In order to qualify for the award a vehicle must earn the highest rating of good in the Institute’s front, side, and rear tests and be equipped with electronic stability control.
The 2009 RL improved in the rear crash tests in which the 2005-08 model only received a marginal rating.
The 2009 RL is already in showrooms and starts at $46,280. It is powered by a 300 horsepower 3.7L V6 that is mated to Acura’s Super-Handling All-Wheel-Drive system.
It may be safe, but can you get over that front end?
Acura RL wins TOP SAFETY PICK award; seat/head restraint combination improves to good
ARLINGTON, VA — The 2009 Acura RL, a large luxury car, earns the Insurance Institute for Highway Safety’s TOP SAFETY PICK award. Winners afford superior overall crash protection among the vehicles in their classes. To qualify, a vehicle must earn the highest rating of good in the Institute’s front, side, and rear tests and be equipped with electronic stability control.
“Criteria to win are tough because TOP SAFETY PICK is intended to drive continued improvements such as good crash test ratings and rapid addition of electronic stability control, which is standard equipment on the RL,” says Institute president Adrian Lund. “Recognizing vehicles at the head of the class for safety helps consumers distinguish the best overall choices without having to sort through multiple test results.”
The RL is the fourth Acura and ninth model from Honda to earn TOP SAFETY PICK.
Better protection in rear crashes: Honda redesigned the RL’s seat/head restraints to improve the rating for protection in rear crashes from marginal for 2005-08 models to good for the 2009. “You don’t know what kind of crash you’re going to be in,” Lund says, “so it’s important to choose a vehicle that will protect you in all kinds of crashes.”
In 2007 the Institute made the criteria to earn TOP SAFETY PICK tougher by adding a requirement — winners must be equipped with electronic stability control (ESC). Known by different names and called Vehicle Stability Assist on the RL, ESC helps drivers maintain control in the worst situation — loss of control at high speed — by engaging automatically when it senses vehicle instability and helping to bring a vehicle back in the intended line of travel. ESC lowers the risk of a fatal single-vehicle crash by about half. It lowers the risk of a fatal rollover crash by as much as 80 percent.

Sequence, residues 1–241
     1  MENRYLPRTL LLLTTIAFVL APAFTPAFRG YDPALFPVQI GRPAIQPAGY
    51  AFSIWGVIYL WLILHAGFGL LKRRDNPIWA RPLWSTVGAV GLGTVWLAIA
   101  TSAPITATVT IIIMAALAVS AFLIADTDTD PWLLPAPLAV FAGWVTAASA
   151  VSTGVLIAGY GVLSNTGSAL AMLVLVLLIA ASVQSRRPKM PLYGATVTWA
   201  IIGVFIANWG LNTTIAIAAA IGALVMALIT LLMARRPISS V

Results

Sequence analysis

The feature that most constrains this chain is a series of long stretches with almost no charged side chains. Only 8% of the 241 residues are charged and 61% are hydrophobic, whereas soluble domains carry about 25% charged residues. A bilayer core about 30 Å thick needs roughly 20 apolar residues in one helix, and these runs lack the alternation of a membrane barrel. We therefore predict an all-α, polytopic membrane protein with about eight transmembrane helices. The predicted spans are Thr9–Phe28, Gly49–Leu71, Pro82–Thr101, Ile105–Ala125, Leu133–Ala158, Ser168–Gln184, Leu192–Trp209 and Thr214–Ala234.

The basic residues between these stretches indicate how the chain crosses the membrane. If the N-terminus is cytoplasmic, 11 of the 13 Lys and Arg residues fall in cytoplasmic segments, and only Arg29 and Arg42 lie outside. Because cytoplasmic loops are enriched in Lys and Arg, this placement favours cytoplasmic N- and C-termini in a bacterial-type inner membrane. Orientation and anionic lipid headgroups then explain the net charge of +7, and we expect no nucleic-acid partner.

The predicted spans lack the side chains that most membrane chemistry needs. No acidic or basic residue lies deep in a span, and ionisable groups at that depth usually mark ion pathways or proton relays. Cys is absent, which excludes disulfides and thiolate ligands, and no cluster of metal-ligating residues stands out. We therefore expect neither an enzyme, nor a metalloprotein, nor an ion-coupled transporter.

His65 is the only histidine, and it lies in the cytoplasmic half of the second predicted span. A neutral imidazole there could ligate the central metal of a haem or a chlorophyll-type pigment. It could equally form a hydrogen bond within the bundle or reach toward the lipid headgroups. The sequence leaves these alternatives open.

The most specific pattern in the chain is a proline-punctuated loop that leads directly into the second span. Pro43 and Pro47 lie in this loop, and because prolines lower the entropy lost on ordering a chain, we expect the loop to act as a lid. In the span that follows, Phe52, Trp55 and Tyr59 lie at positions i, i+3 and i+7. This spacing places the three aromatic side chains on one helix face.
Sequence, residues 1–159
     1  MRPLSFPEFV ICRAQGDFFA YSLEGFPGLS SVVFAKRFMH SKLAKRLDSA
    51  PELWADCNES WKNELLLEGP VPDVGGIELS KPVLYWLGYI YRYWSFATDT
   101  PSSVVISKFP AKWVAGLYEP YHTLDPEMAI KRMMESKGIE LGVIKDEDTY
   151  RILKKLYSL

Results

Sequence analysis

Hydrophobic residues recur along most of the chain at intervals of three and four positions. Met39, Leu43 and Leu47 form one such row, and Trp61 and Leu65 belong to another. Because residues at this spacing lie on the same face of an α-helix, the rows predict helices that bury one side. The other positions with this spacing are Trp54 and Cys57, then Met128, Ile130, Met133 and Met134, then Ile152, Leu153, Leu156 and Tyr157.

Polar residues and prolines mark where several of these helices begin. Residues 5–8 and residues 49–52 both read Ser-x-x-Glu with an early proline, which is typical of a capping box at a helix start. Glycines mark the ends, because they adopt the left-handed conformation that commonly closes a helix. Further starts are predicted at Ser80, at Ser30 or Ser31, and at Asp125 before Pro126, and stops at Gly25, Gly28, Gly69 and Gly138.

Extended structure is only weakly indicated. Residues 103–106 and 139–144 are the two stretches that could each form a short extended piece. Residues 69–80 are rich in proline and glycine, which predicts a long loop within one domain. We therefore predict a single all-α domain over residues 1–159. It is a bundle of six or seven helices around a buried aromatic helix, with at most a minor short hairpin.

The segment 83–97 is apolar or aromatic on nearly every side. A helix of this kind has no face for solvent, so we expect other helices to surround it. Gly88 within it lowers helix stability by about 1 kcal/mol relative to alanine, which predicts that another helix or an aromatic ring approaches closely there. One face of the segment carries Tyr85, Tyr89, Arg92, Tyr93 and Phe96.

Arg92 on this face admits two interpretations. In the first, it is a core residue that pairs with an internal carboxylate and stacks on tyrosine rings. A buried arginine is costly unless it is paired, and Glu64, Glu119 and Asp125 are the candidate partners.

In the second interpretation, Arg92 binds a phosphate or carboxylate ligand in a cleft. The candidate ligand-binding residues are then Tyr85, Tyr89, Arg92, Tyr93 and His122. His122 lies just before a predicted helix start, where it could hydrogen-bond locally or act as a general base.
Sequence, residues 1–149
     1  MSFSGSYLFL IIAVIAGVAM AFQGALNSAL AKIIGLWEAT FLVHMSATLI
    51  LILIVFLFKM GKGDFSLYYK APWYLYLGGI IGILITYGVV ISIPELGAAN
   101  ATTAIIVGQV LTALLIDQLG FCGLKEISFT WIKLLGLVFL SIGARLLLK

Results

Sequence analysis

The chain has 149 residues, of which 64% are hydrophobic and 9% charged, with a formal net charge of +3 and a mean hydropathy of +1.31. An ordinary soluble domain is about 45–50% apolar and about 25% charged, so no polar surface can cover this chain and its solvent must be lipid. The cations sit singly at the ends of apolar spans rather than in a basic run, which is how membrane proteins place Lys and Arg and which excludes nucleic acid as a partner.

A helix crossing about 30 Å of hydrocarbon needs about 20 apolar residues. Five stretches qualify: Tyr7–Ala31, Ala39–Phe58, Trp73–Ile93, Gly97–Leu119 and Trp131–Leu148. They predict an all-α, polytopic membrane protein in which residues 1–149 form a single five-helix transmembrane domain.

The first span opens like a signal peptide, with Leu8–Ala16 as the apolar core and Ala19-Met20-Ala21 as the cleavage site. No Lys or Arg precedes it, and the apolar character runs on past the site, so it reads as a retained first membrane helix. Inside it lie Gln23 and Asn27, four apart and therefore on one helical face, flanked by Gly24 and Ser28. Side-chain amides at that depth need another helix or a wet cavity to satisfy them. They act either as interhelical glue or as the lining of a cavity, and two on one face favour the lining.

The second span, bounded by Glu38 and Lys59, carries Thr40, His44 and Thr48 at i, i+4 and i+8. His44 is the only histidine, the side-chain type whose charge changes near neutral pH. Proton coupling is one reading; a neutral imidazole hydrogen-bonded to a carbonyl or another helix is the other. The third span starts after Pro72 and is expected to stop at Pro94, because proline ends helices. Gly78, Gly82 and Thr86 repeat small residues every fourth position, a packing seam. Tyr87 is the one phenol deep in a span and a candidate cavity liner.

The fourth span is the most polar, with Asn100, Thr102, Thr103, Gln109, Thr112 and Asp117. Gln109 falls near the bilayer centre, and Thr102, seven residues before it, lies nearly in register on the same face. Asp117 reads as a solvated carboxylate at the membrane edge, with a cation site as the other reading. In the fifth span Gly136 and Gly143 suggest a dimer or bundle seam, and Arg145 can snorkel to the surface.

The RL is available with other crash avoidance features such as a forward collision warning, emergency brake assist, and adaptive headlights. The Institute recently evaluated the possible benefits of these features (see Status Report, April 17, 2008). The system with the most potential is forward collision warning. On the RL, depending on the closing rate, the system may first sound an alarm and flash a light to warn the driver of a hazard. Then safety belts are tightened, and if a crash is imminent brakes are applied with progressively more pressure. In an urgent situation, the system may apply heavy braking, tighten the safety belt, and alert the driver immediately. Such systems could be relevant to more than 2 million frontal crashes each year.
How vehicles are evaluated: The Institute’s frontal crashworthiness evaluations are based on results of 40 mph frontal offset crash tests. Each vehicle’s overall evaluation is based on measurements of intrusion into the occupant compartment, injury measures recorded on a Hybrid III dummy in the driver seat, and analysis of slow-motion film to assess how well the restraint system controlled dummy movement during the test.
Side evaluations are based on performance in a crash test in which the side of a vehicle is struck by a barrier moving at 31 mph. The barrier represents the front end of a pickup or SUV. Ratings reflect injury measures recorded on two instrumented SID-IIs dummies, assessment of head protection countermeasures, and the vehicle’s structural performance during the impact.
Rear crash protection is rated according to a two-step procedure. Starting points for the ratings are measurements of head restraint geometry — the height of a restraint and its horizontal distance behind the back of the head of an average-size man. Seat/head restraints with good or acceptable geometry are tested dynamically using a dummy that measures forces on the neck.